The war on fat is over – and I won

The killjoys can eat humble pie. Dairy and red meat fats aren't bad for you – and now there are hard figures to back up the case I've been making for years

I finally know what it must have felt like to be Nelson Mandela. Only without the decades of incarceration. Or the human rights abuses. OK, I have no idea what it felt like to be Nelson Mandela. But I am certainly getting a sense of what it feels like to be a fighter in a rag-tag rebel force whose cause has finally been recognised as virtuous. I am a one-time pariah who has been accepted back into the mainstream as a speaker of truth. I am the Luke Skywalker of food. Here's what's happened: after decades of conflict, of name-calling and bitterness and Gillian-bloody-McKeith and "lean" bacon – I mean, really! – the war on dietary fat is over. Fat, on whose behalf I fought so valiantly, is no longer the enemy. It is our friend. At last I may step out of the rhetorical forest and lay down my less than rhetorical steak knife.

We know the war on fat is over because recently Time magazine made it their cover story. Johnny-come-bloody-latelys. Oh yeah. You're smearing yourself in the stuff now. But where were you when those of us in the vanguard were up to our nipples in lard, wrestling with the nutritional naysayers? Where were you when I was scarfing six bags of pork scratchings in one sitting just to make a point? In the low-fat aisle, smugly clutching tubs of low-fat "butter". That's where.

Exactly four years ago I wrote a column in this space extolling the virtues of fat. It's where the flavour is. I declared that, were my family forced to eat me due to the economic downturn I would at least make for a good dinner on account of the way my luscious arse is marbled. I dreamed about self-consumption. Sample below-the-line comments: "irresponsible article" and "I hope that Rayner enjoys his bypass operation" and "fat also lines your arteries so thanks, but no thanks".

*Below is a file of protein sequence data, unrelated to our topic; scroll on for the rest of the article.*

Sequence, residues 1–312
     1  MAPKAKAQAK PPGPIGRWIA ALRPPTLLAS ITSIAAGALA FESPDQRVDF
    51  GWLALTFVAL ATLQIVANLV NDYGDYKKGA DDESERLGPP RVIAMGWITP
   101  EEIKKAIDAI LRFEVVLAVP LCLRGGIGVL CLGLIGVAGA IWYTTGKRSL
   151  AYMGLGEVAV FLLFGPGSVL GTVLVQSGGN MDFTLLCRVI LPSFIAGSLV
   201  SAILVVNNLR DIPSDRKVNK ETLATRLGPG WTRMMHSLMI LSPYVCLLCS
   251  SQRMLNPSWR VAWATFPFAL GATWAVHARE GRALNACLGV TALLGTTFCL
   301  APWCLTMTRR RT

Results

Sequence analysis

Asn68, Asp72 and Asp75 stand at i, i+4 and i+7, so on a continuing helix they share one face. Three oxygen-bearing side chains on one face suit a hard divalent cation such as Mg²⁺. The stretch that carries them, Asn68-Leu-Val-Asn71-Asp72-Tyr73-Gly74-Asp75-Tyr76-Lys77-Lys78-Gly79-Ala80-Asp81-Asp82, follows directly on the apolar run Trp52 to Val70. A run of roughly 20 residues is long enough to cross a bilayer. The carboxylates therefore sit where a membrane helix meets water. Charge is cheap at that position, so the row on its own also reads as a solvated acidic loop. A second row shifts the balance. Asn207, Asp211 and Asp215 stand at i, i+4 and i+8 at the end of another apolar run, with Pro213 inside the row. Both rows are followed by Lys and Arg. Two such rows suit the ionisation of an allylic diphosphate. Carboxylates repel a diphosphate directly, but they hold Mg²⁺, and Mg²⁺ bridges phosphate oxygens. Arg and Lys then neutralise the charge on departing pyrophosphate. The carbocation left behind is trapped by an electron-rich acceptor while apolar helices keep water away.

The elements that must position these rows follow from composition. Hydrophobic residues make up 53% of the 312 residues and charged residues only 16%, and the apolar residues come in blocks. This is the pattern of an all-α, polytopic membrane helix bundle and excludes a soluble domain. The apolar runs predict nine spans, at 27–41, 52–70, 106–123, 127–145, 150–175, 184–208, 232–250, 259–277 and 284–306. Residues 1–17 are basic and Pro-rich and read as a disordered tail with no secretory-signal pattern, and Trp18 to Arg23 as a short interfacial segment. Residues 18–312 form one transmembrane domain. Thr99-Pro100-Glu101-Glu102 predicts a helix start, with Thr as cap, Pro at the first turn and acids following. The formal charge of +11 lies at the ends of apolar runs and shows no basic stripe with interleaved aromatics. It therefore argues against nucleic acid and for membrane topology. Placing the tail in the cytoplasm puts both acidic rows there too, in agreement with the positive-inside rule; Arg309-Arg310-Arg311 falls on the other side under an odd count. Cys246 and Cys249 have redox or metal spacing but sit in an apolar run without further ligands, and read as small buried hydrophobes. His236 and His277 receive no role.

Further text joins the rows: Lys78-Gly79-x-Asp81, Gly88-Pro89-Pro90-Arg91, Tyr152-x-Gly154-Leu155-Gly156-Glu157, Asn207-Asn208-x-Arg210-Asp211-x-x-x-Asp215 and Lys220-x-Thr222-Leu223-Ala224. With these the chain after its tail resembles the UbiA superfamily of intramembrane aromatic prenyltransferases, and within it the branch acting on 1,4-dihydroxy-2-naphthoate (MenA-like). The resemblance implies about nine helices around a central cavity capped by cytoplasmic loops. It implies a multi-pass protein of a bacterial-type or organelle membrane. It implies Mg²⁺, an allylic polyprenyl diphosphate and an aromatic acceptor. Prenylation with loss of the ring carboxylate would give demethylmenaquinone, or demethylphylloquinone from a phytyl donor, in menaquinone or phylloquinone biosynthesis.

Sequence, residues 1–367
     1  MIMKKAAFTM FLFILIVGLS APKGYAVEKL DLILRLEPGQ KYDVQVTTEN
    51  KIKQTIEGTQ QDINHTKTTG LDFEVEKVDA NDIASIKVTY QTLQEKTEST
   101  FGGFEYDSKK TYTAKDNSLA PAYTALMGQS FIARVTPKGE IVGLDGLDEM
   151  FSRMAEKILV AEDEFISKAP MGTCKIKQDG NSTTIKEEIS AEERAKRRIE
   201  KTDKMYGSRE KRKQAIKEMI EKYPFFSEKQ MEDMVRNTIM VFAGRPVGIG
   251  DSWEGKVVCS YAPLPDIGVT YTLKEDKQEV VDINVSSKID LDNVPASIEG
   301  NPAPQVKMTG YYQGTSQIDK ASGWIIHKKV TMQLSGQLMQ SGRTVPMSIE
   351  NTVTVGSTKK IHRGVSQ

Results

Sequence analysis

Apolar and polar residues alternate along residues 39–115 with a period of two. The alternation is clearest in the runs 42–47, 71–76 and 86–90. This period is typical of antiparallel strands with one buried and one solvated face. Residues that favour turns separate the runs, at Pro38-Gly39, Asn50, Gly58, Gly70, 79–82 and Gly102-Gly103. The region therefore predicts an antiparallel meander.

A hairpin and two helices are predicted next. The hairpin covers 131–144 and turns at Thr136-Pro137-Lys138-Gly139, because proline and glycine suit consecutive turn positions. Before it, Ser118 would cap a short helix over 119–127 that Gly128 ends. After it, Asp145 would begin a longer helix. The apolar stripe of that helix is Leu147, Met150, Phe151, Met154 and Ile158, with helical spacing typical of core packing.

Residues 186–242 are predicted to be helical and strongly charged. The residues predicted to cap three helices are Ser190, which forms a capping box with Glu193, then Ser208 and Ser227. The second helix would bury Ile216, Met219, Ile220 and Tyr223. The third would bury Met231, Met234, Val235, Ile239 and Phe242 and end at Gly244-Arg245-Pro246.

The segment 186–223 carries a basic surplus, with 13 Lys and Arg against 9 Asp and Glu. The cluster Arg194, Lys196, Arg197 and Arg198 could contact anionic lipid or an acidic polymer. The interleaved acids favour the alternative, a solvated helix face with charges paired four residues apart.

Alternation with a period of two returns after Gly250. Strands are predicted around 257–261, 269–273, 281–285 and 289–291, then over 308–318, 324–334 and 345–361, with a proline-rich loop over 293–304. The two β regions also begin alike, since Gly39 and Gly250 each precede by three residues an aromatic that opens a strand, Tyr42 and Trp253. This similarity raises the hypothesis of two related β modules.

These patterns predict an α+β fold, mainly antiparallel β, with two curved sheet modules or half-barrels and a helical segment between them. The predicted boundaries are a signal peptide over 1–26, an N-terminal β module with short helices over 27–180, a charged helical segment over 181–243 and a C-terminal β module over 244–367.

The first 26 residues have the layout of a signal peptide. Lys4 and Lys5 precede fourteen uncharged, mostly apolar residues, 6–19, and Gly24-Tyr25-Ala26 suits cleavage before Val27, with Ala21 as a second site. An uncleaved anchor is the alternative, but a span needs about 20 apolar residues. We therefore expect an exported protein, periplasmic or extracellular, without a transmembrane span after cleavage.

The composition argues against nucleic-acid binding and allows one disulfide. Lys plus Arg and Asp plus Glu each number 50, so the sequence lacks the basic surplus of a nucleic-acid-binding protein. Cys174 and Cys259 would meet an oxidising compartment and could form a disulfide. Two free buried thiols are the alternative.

Who's outraged now, eh? It turns out that much of what we had been told was wrong: that there are good and bad cholesterols, that they can cancel each other out, that the fats in dairy and red meat are almost as good for you as those in fish. And anyway, it's sugar that kills.

As fats came out of food, so the sugars went in. Between 1980 and 2011 diabetes levels in the US rose 157% as the population followed government advice and went face down in the carbs. Which not only gave us more calories, but also slowed down our metabolism and made us feel hungry. Last autumn Sweden became the first developed nation to issue health advice rejecting low-fat high-carb dogma. And as the Swedes are basically cooler than everyone at everything ever and always right, arguing is pointless.